The Last Atoll: Exploring the Far End of the Hawai'ian Archipelago

The Last Atoll Exploring the Far End of the Hawai ian Archipelago The Last Atoll is a first person account of journalist Pamela Frierson s ten year exploration of the exotic and ecologically significant small lands at the far northwestern end of the Hawaiian island

  • Title: The Last Atoll: Exploring the Far End of the Hawai'ian Archipelago
  • Author: Pamela Frierson
  • ISBN: 9781595341303
  • Page: 484
  • Format: Paperback
  • The Last Atoll is a first person account of journalist Pamela Frierson s ten year exploration of the exotic and ecologically significant small lands at the far northwestern end of the Hawaiian island chain Frierson takes readers on a rare journey to eight of these remote and ancient islands, including the Kure Atoll, the oldest Hawa i ian island and the northernmost atollThe Last Atoll is a first person account of journalist Pamela Frierson s ten year exploration of the exotic and ecologically significant small lands at the far northwestern end of the Hawaiian island chain Frierson takes readers on a rare journey to eight of these remote and ancient islands, including the Kure Atoll, the oldest Hawa i ian island and the northernmost atoll in the world In her 1,200 mile travels, Frierson discovers isolated landscapes, undisturbed ecosystems, and a nearly forgotten but well preserved human history It is a rich history of discovery by explorers and pirates, plus extensive military use Frierson finds a vast wilderness, including the remnants of ancient volcanoes, and unique species of wildlife She also explores the islands location in the Great Pacific Garbage Patch, a major current that washes up the world s garbage A lifelong resident of Hawai i, Frierson draws broad conclusions relating to islands and their canary in a coal mine role.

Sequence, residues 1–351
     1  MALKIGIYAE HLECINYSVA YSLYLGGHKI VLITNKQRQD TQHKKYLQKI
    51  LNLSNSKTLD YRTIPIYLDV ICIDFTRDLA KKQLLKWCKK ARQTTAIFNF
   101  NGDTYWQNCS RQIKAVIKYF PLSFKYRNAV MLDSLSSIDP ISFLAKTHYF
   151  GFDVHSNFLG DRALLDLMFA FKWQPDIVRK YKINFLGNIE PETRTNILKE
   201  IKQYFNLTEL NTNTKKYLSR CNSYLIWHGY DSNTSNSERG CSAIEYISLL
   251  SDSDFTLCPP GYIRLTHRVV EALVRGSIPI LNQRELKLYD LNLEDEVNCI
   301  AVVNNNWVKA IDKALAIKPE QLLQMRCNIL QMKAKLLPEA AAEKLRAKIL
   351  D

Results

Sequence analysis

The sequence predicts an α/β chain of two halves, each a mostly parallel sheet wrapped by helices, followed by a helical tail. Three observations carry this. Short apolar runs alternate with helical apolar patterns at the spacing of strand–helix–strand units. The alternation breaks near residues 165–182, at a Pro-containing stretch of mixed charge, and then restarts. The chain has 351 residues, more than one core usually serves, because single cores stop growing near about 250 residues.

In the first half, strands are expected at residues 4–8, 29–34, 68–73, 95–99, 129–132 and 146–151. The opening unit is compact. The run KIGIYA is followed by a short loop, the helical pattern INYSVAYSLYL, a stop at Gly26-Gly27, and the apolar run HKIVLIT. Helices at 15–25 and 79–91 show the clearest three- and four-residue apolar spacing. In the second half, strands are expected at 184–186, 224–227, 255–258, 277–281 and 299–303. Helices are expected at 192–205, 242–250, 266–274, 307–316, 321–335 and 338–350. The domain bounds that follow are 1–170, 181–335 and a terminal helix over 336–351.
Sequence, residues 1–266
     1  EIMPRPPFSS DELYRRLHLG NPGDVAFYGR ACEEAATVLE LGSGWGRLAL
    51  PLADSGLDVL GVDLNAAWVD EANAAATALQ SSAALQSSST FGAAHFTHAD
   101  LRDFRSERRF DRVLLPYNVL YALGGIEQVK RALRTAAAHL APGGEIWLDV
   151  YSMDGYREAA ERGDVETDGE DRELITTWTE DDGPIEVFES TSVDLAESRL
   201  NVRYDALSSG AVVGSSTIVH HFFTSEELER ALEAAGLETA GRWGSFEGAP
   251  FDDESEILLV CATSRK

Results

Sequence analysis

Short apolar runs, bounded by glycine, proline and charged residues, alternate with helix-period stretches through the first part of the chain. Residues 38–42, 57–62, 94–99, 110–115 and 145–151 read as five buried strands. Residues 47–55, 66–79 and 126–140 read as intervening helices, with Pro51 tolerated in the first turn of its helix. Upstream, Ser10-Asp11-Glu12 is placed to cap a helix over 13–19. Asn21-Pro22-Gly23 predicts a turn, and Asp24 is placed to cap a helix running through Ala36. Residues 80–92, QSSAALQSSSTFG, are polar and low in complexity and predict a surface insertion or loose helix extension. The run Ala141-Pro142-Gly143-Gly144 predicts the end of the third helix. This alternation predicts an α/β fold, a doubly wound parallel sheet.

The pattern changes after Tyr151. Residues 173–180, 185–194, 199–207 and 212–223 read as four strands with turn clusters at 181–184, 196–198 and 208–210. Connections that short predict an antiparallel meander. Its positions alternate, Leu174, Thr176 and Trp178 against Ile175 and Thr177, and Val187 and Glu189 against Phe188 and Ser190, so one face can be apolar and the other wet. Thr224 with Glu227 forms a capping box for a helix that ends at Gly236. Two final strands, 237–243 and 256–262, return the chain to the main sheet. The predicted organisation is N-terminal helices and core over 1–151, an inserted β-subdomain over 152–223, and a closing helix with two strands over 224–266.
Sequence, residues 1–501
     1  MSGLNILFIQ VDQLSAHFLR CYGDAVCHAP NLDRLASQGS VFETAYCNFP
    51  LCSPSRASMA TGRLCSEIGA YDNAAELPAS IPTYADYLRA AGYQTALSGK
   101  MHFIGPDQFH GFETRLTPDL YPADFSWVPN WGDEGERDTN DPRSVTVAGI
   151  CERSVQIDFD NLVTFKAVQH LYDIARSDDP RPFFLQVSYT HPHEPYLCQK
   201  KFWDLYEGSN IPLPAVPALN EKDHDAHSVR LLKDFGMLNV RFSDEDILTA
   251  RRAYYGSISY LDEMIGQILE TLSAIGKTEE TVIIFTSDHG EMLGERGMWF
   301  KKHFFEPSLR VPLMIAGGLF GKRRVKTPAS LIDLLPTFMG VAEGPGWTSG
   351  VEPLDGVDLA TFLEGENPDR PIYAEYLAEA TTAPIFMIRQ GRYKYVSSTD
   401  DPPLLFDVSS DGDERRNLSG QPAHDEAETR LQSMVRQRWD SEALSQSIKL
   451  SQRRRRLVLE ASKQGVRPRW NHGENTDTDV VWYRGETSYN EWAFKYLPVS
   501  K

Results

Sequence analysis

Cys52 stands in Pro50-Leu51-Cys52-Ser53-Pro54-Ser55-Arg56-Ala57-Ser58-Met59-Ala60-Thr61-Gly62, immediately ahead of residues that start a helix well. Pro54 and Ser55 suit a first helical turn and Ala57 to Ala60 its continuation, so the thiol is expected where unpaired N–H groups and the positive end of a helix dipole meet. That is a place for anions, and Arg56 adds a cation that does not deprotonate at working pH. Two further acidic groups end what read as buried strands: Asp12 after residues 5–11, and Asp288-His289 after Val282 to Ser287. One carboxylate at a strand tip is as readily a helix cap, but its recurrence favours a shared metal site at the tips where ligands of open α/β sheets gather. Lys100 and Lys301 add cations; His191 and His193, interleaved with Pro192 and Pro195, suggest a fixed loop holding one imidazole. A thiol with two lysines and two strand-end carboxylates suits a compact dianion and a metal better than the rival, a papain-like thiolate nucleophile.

One thought on “The Last Atoll: Exploring the Far End of the Hawai'ian Archipelago”

    1. An excellent book - I was especially interested because of my work, but I think anyone with an interest in environmental literature will enjoy (not sure this is the right word) the sad and at the same time hopeful tale of the NWHI.

    2. I can never quite get enough of the Hawaiian Islands, and I was thrilled to find this book about the little-known but vast northwestern end of the island chain. The book suffers from a problem common to works about the natural world: in the absence of a strong storyline, the action moves slowly and often in circles. That's not to say this tale of environmental change is unimportant, just that it was easy to put down--until the material about Midway. Frierson's experiences on Midway were clearly [...]

    3. Could not recommend this book any more. We hear of these 128 (relatively unknown) island atolls briefly in history, or apart of the Hawaii archipelago. She does an amazing job in sharing her story and experience of being up in those remote atolls while also weaving history in at the same time. Also, it doesn't hurt that her story is really about being at the right place at the right time to tell the change that happened to these islands while she was witnessing it.

    4. Fantastic book. Very well written and the perfect mix of history, biology and personal accounts. A perfect introduction to the natural history of the NWHI, plus some tales of military abuse and overharvest by decades of people before her visits began. Pamela Frierson is a great author . and now I am totally interested in reading her first book!

    5. Well-written with occasional passages of inspired perfection, this book takes you toa strange, isolated world where unique species rule and oddball bureaucrats do their best to restore a vanishing, abused ecosystem

    6. Informative, insightful and an interesting read. I don't normally choose books on environmentalism, but this is well-written and easy to understand without being preachy at all.

    Leave a Reply

    Your email address will not be published. Required fields are marked *